“If you start with shit, you end up with shit.”

That’s why she advises people to “read, read, read–the more you see the easier it is to identify quality when you see it.”

I decided to trust my gut and give my honest opinion on script #2–that it was “shit”. And hope that I wasn’t passing on the next Arrested Development. (I found out afterward that the second reader also found the script to be an insult to the written word.)

The Bridge Studio's alternative to a fleet of golf carts--a fleet of cruisers

For the rest of the day, I sat in on Liz’s countless meetings. There are so many pieces to putting together a film or TV series–schedules, budgets, talent, marketing–just one film is a huge operation. And Liz and her colleagues work on multiple projects at once. In one breath Liz was trying to fix historical inaccuracies in a dramatic period piece’s script, in the next she was figuring out how to cut millions from an over-budget production plan. And while it wasn’t exactly the Hollywood glamour that I had conjured in my mind (there were no boozy poolside lunches with the talent), it was still exciting. (I especially liked that Liz and all her co-workers referred to actors on a first name basis–dropping names like “Dustin”, “Jamie-Lee” and “Robin”.) The day’s activity didn’t pander to my fantastical notions, nor did it really do anything to dispel them. It just made them a bit more realistic. A film executive has a fast-paced, enthralling job–but it’s not all parties and premieres. They actually have to work, and work hard, in order to get their schmoozing, cutthroat movie and TV counterparts up on the screen.

The Bridge Studio's sole golf cart

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Last week I asked readers for submissions to the Roadshow Readers’ Choice. I figured you, the reader, would come up with a bunch of great ideas for a stop on the Roadshow. And I was right — the suggestions have been funny, interesting, terrifying, and weird. Here are some of the jobs that have been proposed for me to do so far:

Flight Attendant
Overnight Security Guard at a half-built condo complex
Dog trainer
Cell Company Customer Service Rep
Engineer
Skytrain Employee
Braille Translator
Boom Operator
Embalmer
Pageant Judge
Adult Store Attendant
Union Rep
Childcare Assistant
Zookeeper
Stand Up Comic (this one scares me the most)
Oyster Floater
Parade Float Dismantler
Logger
Carney
Taxi Driver
IMAX Screen Cleaner
Mascot
Chicken Sexer
Organic Farm Inspector
Port-o-Potty Empty-er

Keep the suggestions coming! If you haven’t played guidance counselor yet, be sure to think up a job for me. (Visit the rules before making your suggestions.) You can email me your ideas or comment below. Send them in by December 16th. To recap what jobs I’ve done so far, visit my resume. Once all the submissions are in, I’ll compile a shortlist of the most popular and most interesting (and possibly the most terrifying) and have readers vote on what job they want to see me do for the Roadshow.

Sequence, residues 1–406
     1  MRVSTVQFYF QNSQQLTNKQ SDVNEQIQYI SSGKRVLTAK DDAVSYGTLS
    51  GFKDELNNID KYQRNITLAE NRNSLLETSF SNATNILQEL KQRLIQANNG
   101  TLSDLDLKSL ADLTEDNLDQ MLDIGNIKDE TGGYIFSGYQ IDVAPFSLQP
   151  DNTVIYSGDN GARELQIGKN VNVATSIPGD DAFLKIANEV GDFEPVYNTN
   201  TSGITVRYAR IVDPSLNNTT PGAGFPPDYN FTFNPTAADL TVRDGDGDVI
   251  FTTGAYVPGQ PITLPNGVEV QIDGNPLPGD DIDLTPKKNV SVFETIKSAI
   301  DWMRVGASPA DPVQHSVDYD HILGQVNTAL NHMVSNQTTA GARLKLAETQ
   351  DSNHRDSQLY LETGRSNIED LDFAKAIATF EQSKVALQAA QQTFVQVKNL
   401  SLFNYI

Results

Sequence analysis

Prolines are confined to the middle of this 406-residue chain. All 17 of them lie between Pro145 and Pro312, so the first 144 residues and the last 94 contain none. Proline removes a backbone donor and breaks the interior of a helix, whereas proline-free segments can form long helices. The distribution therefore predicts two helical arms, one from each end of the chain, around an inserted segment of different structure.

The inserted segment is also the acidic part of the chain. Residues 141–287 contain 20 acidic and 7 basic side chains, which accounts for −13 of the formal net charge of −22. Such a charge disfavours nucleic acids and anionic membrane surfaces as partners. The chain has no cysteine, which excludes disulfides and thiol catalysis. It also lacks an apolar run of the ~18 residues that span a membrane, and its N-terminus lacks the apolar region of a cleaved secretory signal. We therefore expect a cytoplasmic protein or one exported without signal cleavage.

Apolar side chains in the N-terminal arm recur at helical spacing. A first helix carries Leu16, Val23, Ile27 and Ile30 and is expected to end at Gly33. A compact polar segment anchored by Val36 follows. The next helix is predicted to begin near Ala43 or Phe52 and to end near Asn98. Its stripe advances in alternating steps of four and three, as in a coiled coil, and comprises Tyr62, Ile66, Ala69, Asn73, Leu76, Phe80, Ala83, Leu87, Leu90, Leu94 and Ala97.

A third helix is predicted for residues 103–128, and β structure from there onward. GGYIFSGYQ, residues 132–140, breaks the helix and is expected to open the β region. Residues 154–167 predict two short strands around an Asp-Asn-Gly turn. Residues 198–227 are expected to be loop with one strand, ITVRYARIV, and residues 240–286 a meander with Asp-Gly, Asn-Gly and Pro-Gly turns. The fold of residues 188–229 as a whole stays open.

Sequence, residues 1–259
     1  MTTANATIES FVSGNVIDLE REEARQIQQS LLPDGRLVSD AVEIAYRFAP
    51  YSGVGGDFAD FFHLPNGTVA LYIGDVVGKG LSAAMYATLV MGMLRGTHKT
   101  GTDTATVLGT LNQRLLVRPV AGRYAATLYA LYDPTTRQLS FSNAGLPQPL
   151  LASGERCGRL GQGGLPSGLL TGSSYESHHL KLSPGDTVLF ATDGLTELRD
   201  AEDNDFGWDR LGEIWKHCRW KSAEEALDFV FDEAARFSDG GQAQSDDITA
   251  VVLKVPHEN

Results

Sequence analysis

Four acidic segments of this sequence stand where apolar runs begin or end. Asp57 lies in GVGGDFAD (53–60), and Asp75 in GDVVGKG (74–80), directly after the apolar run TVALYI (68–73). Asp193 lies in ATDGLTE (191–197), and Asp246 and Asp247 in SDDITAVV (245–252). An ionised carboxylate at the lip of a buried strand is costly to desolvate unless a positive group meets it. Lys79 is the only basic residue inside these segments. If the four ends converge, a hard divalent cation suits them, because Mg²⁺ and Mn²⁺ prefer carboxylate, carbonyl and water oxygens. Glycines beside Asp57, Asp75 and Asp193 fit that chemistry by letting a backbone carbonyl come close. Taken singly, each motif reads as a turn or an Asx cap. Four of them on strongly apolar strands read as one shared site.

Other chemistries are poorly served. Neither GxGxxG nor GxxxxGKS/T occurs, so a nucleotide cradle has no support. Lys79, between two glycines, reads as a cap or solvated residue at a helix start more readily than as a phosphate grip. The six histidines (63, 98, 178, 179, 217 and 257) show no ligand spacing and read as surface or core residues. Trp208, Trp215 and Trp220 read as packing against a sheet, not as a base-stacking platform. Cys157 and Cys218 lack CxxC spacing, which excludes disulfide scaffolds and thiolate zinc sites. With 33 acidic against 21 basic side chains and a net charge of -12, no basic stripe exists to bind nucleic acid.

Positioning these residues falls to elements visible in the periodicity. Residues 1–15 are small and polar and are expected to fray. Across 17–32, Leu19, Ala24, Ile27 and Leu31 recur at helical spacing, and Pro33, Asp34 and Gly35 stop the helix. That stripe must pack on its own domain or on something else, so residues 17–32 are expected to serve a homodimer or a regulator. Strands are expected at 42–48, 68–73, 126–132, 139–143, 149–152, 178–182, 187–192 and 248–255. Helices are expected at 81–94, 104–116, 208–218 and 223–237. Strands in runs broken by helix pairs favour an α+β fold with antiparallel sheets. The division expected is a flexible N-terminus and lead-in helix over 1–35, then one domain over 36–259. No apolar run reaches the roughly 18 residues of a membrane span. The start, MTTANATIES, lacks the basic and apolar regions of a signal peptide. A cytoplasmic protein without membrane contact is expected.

Your Choice

December 1, 2009

I’ve been on the Roadshow for just over two months and I’ve done a total of 14 different jobs. While I haven’t yet surmised where I want my career path to go next, I have gleaned an inside look at many interesting professions. So far, most of the Roadshow stops have been through referrals or people contacting me. Now I’ve decided to put my fate in the hands of my readers. Yup, that’s right: you. I want you to pick where I go next. Because I believe you will come up with jobs that I never would. (Think of it as a chance to act out your secret desire to be a high school guidance counselor.) So if you have suggestions on what type of work I should do, or a particular organization or company that you think I should work for, send me an email or leave a comment.

I’ll take the most frequently suggested and best ideas, put it to a reader’s vote, and then try to arrange a Roadshow stop doing that job. Please send me your ideas by Dec. 16th.

Just in case you haven’t, be sure to visit the Roadshow Rules before making your suggestion. And in particular, pay attention to Rule #1. And as a recap, I’ve so far done the following:

Jewelry Designer (upcoming post)
Carbon Project Developer (upcoming post)
Film Executive (upcoming post)
Dog Walker
Personal Trainer
Software Developer
Acquisitions Editor
Film Swing
Sous Chef for an Underground Supper Club
Stockbroker
Transportation Planner
Business Reporter
Graphic Designer
Line Cook

Looking forward to your suggestions! Send them here by Dec. 16th.

Roadshow Stop: Dog Walker
Roadshow Mentor: Laura Davies, Creature Comforts

You only need walk a few blocks on Vancouver’s 4th Ave or in Yaletown to see evidence of our society’s dog devotion–bakeries, spas, stylists, couture–all dedicated to the canine. Dog’s have their own magazines, therapists, accessory lines, portrait artists, gourmet foods, hotels–there’s no shortage of puppy paraphernalia and canine-centric services. Honestly, I find this abundance of doggy swag and pooch pampering all a bit mind-boggling. I understand that people love their pets and want to spoil them. And I get that there’s an element of showboating involved. But I think there’s more to it than that. I think that some dog owners who indulge themselves and their pets in this doggy decadence really believe their dogs need this stuff to be happy. (My cynicism may stem from the fact that I have seen perfectly healthy dogs being pushed in baby prams, sans baby, one too many times.)